A lot of New Hampshire voters still have no idea who they’ll support in the presidential primary: recent polling indicates just 30 percent of likely Democratic voters here have made up their minds.
Some say they’re looking inward, and as they do, anger has become a major factor in their decision.
That's definitely the case for Phil Herbert, and his nephew Jeff Hurley. The pair went out to breakfast at the Red Arrow Diner on a recent Friday to talk politics. Uncle Phil ordered the ham and cheese omelette and Jeff, well, since Phil was paying, Jeff went all out.
“He got a lot of stuff,” Phil said, laughing.
“I think it was like, the 'Big Mo' or something; the biggest breakfast I’ve had in five years,” Jeff said.
Actually, he ordered the "King-Mo." The “big mo” is what presidential candidates want out of Iowa and New Hampshire: big momentum. Get it?
Jokes aside, there was an agenda for this breakfast: Jeff is all in for Pete Buttigieg, the former mayor of South Bend, Ind. And he wants Uncle Phil, who is undecided, to consider Buttigieg, too. So after breakfast, Jeff took his uncle to a Buttigieg rally in Concord.
“If you’re at all on the fence with anybody, come listen to Pete talk," Jeff said. "You realize the absence of anger, the absence of hate. To me, those are the biggest things."
I've talked to a number of New Hampshire voters like this, ones who say they're done with hostile political dialogue and they’re looking for a candidate who promises unity.
"And Bernie, I love him, but I feel like the supporters, they're so angry,” Jeff said.
“Yeah, this is not the same country I grew up in,” Phil replied.
This is why Jeff might have an opening with his Uncle Phil.
So there they are, uncle and nephew, on a recent Friday, standing in the back half of the crowd at the Buttigieg rally in Concord. And just five minutes into the former mayor’s speech, Buttigieg is served up with a test on this exact thing Phil and Jeff are talking about.
About 40 young climate activists disrupt the event, holding up signs that look like they could be official Buttigieg campaign signs, but actually say: “Pete takes money from fossil fuel billionaires.”
Buttigieg acknowledges the protest immediately.
“I see some inaccurate information going up here, so let’s dispatch with that real quick,” he said. “I’ve taken the fossil fuel pledge, and I’m determined to bring about solutions on climate change.”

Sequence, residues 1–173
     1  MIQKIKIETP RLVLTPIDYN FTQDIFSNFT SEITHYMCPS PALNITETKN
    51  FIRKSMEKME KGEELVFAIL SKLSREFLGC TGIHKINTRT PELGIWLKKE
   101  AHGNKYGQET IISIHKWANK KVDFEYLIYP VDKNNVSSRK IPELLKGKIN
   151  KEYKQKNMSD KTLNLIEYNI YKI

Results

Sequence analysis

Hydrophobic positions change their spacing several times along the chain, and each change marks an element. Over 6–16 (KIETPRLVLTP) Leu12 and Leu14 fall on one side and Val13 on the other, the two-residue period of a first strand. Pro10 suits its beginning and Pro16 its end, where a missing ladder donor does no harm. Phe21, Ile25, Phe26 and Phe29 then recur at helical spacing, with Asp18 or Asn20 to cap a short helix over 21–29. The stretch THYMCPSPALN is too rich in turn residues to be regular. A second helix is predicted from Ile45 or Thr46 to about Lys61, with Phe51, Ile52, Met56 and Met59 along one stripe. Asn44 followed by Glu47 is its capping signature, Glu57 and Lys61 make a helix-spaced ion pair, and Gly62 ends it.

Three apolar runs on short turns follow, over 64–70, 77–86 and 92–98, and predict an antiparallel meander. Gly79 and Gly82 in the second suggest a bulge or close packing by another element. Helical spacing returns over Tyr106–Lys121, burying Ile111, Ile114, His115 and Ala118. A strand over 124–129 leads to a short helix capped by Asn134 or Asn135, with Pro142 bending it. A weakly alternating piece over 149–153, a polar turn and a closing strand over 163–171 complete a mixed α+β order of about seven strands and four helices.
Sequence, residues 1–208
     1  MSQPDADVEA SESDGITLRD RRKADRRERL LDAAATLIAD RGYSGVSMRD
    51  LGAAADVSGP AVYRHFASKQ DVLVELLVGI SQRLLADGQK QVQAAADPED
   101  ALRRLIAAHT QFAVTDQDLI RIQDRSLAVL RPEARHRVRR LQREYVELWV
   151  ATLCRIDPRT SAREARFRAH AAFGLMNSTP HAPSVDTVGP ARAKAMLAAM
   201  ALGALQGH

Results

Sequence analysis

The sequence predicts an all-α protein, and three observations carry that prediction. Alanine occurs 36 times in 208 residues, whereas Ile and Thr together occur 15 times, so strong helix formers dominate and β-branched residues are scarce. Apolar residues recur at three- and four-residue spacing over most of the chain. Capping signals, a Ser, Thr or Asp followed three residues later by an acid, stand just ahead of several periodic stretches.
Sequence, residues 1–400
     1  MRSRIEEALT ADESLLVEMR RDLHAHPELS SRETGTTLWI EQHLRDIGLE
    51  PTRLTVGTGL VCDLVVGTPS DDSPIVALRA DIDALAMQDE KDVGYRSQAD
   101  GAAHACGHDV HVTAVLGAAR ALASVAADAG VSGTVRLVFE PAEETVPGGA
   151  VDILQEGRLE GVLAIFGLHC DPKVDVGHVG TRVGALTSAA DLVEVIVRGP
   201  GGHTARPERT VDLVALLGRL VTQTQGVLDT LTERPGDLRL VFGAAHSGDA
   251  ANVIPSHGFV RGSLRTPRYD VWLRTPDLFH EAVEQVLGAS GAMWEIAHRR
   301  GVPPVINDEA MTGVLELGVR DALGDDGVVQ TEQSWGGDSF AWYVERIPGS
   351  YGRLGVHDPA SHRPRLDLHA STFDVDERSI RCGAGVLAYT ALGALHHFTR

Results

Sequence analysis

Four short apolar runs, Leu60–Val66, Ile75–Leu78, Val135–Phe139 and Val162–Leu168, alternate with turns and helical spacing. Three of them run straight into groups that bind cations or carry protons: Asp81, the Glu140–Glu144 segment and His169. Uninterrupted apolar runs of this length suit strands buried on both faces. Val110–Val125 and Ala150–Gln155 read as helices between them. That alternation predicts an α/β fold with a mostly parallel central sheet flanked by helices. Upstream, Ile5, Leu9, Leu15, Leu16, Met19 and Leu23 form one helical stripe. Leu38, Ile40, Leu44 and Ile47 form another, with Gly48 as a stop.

Buttigieg supporters begin cheering, protesters start singing/chanting and Buttigieg starts speaking
louder, trying to turn the attention back to his remarks.
“Will we turn on one another or will we unite to tackle the issues we face as a country?” he says.
Eventually the protesters are escorted out, Buttigieg finishes his stump speech, and I run over to find Phil and Jeff.
“He’s impressive,” Uncle Phil tells me. “Very impressive."
Uncle Phil said he liked the way Buttigieg responded to the protesters, acknowledging them but not letting it become a fight.
And now, Uncle Phil is really considering voting for him. His decision is now between Buttigieg and another candidate, Minnesota Sen. Amy Klobuchar.
"The people on the right, they’re way to the right," he said. "People are way to the left. They're the people that make all the anger, make all the division. And we don't need that right now. We need someone like" Buttigieg, he said.
So, for Uncle Phil, Buttigieg passed an important test. He took a situation that could have been divisive and he made it about unity.
But for other people in the room, like Hannah Ferster, Buttigieg failed that very same test.
“He was saying like, 'no, we’re fighting for the same thing, I want the same thing as you, saying we were being too divisive,' which I think is bull----," she said.
Hannah was one of the activists holding up those fossil fuel billionaire signs at the Buttigieg rally. She’s with a group called New Hampshire Youth Movement and, as she'll say right to your face, she is angry about the direction the country is headed. And there are many New Hampshire voters just like her who want a president with a fundamentally different leadership style: one that reflects her anger about issues like climate change and student debt.
“Calls to unity don't really mean anything if we don't have leaders who are willing to fight for young people,” Hannah said.
A few days after the Buttigieg protest, the New Hampshire Youth Movement announced it was endorsing Sanders for president.
Regional field organizer Josie Pinto said Sanders' attitude, commitment to activism and policy positions align with theirs.
“I think Bernie Sanders is one of the few who who really means what he says and will fight for the things that he says he will fight for,” she said.
But Josie and Hannah are also aware of the limits of that approach. They understand how anger can be off-putting to people like Jeff and his Uncle Phil. That’s why, Josie says, they actually won’t be protesting against other candidates anymore. Now that they’re in for Sanders, they don’t want their anger to end up hurting his chances in New Hampshire.